[Python-3000] Pre-PEP: Easy Text File Decoding
paul at prescod.net
Wed Sep 13 18:44:18 CEST 2006
On 9/13/06, John S. Yates, Jr. <john at yates-sheets.org> wrote:
> On Mon, 11 Sep 2006 18:16:15 -0700, "Paul Prescod" wrote:
> > UTF-8 with BOM is the Microsoft preferred format.
> It is a mistake on Microsoft's part to fail to strip the BOM
> during conversion to UTF-8. There is no MEANINGFUL definition
> of BOM in a UTF-8 string.
That is not true.
Q: Can a UTF-8 data stream contain the BOM character (in UTF-8 form)? If
yes, then can I still assume the remaining UTF-8 bytes are in big-endian
order? A: Yes, UTF-8 can contain a BOM. However, it makes *no* difference as
to the endianness of the byte stream. UTF-8 always has the same byte order.
An initial BOM is *only* used as a signature — an indication that an
otherwise unmarked text file is in UTF-8.
This is a very valuable function and applications like Microsoft's Notepad,
Apple's TextEdit and VIM take good advantage of it.
Vim will try to detect what kind of file you are editing. It uses the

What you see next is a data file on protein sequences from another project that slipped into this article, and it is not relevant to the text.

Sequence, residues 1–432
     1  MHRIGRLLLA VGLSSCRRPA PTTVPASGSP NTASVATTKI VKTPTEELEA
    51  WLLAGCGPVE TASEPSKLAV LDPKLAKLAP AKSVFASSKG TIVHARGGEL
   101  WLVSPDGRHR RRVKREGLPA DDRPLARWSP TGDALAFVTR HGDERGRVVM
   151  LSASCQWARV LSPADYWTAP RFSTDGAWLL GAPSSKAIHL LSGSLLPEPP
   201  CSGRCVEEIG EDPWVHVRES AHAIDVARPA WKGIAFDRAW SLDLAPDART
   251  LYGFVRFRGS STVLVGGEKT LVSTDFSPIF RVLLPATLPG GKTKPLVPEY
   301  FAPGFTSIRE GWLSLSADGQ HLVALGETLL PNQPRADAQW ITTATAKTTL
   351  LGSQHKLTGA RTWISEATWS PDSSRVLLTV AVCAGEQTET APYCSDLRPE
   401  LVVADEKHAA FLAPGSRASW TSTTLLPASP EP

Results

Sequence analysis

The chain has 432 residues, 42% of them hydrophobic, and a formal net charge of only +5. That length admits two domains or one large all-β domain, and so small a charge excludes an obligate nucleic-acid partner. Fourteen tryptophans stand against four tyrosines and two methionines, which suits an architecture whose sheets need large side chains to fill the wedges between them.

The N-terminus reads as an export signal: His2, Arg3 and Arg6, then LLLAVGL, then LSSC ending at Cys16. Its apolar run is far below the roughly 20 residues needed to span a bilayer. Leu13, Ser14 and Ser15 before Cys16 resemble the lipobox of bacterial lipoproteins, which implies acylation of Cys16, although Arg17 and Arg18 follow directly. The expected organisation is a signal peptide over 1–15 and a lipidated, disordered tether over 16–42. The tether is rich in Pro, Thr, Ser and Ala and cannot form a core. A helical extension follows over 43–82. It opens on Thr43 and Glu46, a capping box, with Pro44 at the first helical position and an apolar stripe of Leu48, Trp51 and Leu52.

encoding names in the 'fileencodings'
When using Unicode <http://www.vim.org/htmldoc/mbyte.html#Unicode>,
value is: "ucs-bom,utf-8,latin1". This means that Vim checks the file to see
if it's one of these encodings:
ucs-bom File must start with a Byte Order Mark
<http://www.vim.org/htmldoc/motion.html#Mark> (BOM). This
allows detection of 16-bit, 32-bit and utf-8
utf-8 <http://www.vim.org/htmldoc/mbyte.html#utf-8> utf-8
<http://www.vim.org/htmldoc/mbyte.html#Unicode>. This is rejected
when a sequence of
bytes is illegal in utf-8 <http://www.vim.org/htmldoc/mbyte.html#utf-8>.
latin1 The good old 8-bit encoding.
I'm pretty much proposing this same algorithm for Python's encoding
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